Organizers who want construct a nearly $3 million park at Fort Jackson to commemorate the post’s 100-year anniversary are launching their public fundraising campaign Tuesday with Columbia City Council.
Gateway to the Army Association, a nonprofit group created to build the park, is to ask the council for $500,000 spread over three years, retired Command Sgt. Maj. Marty Wells said Monday. Wells is president of the association, which he said has raised almost $50,000 in private donations or in-kind commitments.
The $2.7 million park would feature a 300-seat amphitheater on a 3-plus-acre site where post headquarters had stood for decades, Wells said. The park also would have a 20-foot granite statue as a tribute to the drill sergeants who are the backbone of the Army’s largest basic-training facility. Plans also call for green spaces, new trees and picnic areas.
The park could be used for trainee graduation ceremonies, change-of-command ceremonies, a place for an Army band to perform and general recreation, Wells said. It also would serve as a tribute to the nearly 5 million-plus soldiers who have been trained there and others who have worked on the post.
“There’s not going to be anything quite like it,” he said of the park, which Wells hopes will open in June. Fort Jackson turns 100 years old that month.
The post has a $2.2 billion annual economic impact statewide, according to a January 2015 study by the University of South Carolina Darla Moore business school. The yearly impact in greater Columbia is $2 billion, the study shows.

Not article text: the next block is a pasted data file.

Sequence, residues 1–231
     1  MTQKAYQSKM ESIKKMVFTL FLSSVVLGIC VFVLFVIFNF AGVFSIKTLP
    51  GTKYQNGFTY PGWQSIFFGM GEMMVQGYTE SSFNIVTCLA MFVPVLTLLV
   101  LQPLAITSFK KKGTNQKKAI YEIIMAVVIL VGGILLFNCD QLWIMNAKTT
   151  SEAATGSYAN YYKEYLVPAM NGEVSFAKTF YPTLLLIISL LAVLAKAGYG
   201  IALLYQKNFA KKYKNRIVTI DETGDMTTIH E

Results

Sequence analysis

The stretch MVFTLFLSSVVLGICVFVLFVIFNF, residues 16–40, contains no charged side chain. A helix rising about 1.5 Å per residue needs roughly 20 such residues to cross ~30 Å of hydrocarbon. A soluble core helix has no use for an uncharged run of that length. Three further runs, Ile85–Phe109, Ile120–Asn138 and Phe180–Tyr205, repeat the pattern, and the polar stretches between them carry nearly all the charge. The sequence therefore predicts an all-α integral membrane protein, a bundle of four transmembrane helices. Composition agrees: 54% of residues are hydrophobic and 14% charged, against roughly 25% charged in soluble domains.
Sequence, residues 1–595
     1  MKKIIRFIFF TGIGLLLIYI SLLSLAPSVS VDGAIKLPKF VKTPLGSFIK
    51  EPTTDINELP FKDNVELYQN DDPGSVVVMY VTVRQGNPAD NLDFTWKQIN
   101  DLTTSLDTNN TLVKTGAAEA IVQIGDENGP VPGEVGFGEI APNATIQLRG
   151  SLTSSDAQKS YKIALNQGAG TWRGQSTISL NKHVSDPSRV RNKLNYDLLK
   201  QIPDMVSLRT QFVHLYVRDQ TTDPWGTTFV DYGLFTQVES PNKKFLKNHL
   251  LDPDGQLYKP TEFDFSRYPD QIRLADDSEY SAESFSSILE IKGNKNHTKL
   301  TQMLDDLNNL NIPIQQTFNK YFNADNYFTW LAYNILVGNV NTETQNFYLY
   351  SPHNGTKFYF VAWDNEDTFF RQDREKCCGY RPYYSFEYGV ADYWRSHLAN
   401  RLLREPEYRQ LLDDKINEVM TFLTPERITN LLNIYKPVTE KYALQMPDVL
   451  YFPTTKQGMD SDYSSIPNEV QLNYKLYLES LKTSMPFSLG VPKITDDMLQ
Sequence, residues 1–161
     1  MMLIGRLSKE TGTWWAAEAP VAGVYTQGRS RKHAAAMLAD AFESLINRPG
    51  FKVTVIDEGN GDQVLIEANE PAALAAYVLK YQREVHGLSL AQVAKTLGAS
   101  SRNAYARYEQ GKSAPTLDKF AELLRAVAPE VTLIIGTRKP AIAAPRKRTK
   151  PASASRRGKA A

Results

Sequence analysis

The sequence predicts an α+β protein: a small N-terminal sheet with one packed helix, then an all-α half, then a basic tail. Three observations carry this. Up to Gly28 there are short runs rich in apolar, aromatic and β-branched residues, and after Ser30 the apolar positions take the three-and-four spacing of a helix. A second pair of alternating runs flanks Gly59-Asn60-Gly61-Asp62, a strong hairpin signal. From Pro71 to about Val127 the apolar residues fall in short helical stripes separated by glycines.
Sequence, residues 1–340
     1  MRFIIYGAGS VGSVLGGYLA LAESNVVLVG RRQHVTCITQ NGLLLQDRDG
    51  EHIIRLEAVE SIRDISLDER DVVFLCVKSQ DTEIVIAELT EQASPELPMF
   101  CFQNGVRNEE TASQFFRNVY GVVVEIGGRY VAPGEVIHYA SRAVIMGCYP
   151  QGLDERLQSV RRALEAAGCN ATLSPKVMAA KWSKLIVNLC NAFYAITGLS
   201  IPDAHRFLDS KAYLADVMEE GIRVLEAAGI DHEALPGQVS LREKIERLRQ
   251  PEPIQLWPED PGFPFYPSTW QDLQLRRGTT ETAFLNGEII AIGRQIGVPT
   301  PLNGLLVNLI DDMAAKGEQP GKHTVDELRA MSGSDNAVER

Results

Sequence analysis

Columbia city manager Teresa Wilson said if the council approves the money, city staff will begin looking for funding sources, including possibly meal-tax revenue.
Wells hopes that a financial commitment from the capital city will encourage other local governments that get spin-off income from the post to help finance the park.
“We want to get Columbia behind us and use that as a barometer ... a motivator,” he said of backing his group is seeking from Richland County and Lexington County councils as well as the larger towns and cities that share in Fort Jackson’s economic benefits.
Wells’ organization has asked Richland County for another $500,000 commitment though he said the association has not set dollar goals for Lexington County, the town of Lexington, Forest Acres and Blythewood. Richland County has not made a commitment, he said. The group plans to take its proposal to other large municipalities in the two-county area.
Converting the land where post headquarters stood until May requires final approval from the secretary of the Army, Wells said. That hasn’t happened yet. But he said indications from that office as well as on-post commanders are that the plan has wide support.
If you go
Columbia City Council meets twice on Tuesday. The Fort Jackson park proposal is set for discussion at the work session.
WHEN: A work session begins at 2 p.m., during which council does not take votes. The regular council meeting begins at 6 p.m.
WHERE: Both meetings are in council chambers on the third floor of City Hall, 1737 Main St.